Cut off from the surrounding area by railway tracks in the late 19th century, this reserve has developed into a lively ecological community.
Cut off from the surrounding area by railway tracks in the late nineteenth century, this reserve has developed into a lively ecological community.
Gunnersbury Triangle became one of the London Wildlife Trust's first reserves when it was saved from development by a campaign run by local people.
Since the end of the Second World War, the woodland here has grown up naturally and the reserve has become a sheltered birch and willow woodland with attractive pond, marsh and meadow.
Hidden away, the reserve opens up before you - so follow the nature trail, listen out for birds or the rustle of a hedgehog, look out for the tunnels of field voles, or keep an eye out for interesting spiders and ladybirds.
Habitats you'll see
Woodland, meadow, marsh and pond
Species you might spot:
Speckled wood, orange tip butterfly, green woodpecker, greater spotted woodpecker, common newt, common toad, common frog, wood mouse and sparrow hawk.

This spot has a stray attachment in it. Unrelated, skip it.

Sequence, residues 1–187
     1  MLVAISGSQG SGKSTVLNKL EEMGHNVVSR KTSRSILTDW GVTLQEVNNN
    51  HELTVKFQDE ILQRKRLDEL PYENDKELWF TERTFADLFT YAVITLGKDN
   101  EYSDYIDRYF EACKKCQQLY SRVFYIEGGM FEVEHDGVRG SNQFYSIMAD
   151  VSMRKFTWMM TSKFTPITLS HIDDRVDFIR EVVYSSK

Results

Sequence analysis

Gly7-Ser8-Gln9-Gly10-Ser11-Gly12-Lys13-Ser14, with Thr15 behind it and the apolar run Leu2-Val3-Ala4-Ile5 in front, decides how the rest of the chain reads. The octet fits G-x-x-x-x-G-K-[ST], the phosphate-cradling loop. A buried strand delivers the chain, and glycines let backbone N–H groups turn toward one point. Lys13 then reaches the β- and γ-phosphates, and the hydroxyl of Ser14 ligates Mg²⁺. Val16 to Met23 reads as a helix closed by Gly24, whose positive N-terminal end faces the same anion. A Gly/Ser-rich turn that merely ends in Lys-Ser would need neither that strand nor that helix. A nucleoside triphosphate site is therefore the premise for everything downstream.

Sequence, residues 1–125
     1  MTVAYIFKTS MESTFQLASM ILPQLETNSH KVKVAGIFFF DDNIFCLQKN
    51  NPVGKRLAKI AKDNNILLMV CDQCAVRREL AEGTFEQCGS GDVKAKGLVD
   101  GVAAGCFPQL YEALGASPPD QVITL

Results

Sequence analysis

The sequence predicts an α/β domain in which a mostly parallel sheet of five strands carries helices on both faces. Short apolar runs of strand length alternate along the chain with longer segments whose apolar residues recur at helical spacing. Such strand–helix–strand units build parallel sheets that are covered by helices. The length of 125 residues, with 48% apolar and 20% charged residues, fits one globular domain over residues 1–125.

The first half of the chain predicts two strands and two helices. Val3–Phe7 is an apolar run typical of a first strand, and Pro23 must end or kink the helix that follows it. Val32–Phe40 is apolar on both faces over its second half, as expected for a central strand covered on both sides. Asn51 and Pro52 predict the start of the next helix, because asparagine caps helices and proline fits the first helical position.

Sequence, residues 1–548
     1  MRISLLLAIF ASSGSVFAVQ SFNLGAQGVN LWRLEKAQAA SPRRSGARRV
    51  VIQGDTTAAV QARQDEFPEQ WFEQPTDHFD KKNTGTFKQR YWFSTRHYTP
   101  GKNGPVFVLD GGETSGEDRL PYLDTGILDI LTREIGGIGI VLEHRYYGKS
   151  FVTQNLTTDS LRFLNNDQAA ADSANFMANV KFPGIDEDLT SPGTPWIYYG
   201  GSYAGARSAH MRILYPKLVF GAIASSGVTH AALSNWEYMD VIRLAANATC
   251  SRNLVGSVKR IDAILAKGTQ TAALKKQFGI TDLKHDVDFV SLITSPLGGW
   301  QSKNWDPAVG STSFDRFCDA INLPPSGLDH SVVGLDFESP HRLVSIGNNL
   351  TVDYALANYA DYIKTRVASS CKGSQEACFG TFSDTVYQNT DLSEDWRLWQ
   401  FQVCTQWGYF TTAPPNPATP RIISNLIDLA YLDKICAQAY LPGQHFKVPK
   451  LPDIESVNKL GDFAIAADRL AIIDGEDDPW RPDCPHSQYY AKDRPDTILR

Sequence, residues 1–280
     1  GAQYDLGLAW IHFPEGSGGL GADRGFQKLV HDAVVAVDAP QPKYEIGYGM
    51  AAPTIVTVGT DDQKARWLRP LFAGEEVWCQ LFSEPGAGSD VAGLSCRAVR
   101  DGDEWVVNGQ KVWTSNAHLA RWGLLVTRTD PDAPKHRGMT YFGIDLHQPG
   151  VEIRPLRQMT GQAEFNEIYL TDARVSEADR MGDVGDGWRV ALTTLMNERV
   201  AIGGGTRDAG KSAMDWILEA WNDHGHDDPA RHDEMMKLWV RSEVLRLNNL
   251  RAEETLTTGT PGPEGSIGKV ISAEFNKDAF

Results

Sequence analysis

If you spot these or any other species, please submit your wildlife sightings to Greenspace Information for Greater London (GiGL) to help build a picture of London's nature!
The entrance is on Bollo Lane, opposite Chiswick Park Underground station.
To see if there are any events coming up at this reserve, take a look at our event listings.
To see if there are any opportunities to help out at this reserve, visit our volunteering page.
Fancy arranging a school trip to this site? Our experienced staff can provide your class with a hands-on outdoor learning experience directly linked with the National Curriculum.
Have a look at our education pages for more information.
Site of Metropolitan Importance; Local Nature Reserve.
Image of kestrels by Philip Braude
Species and habitats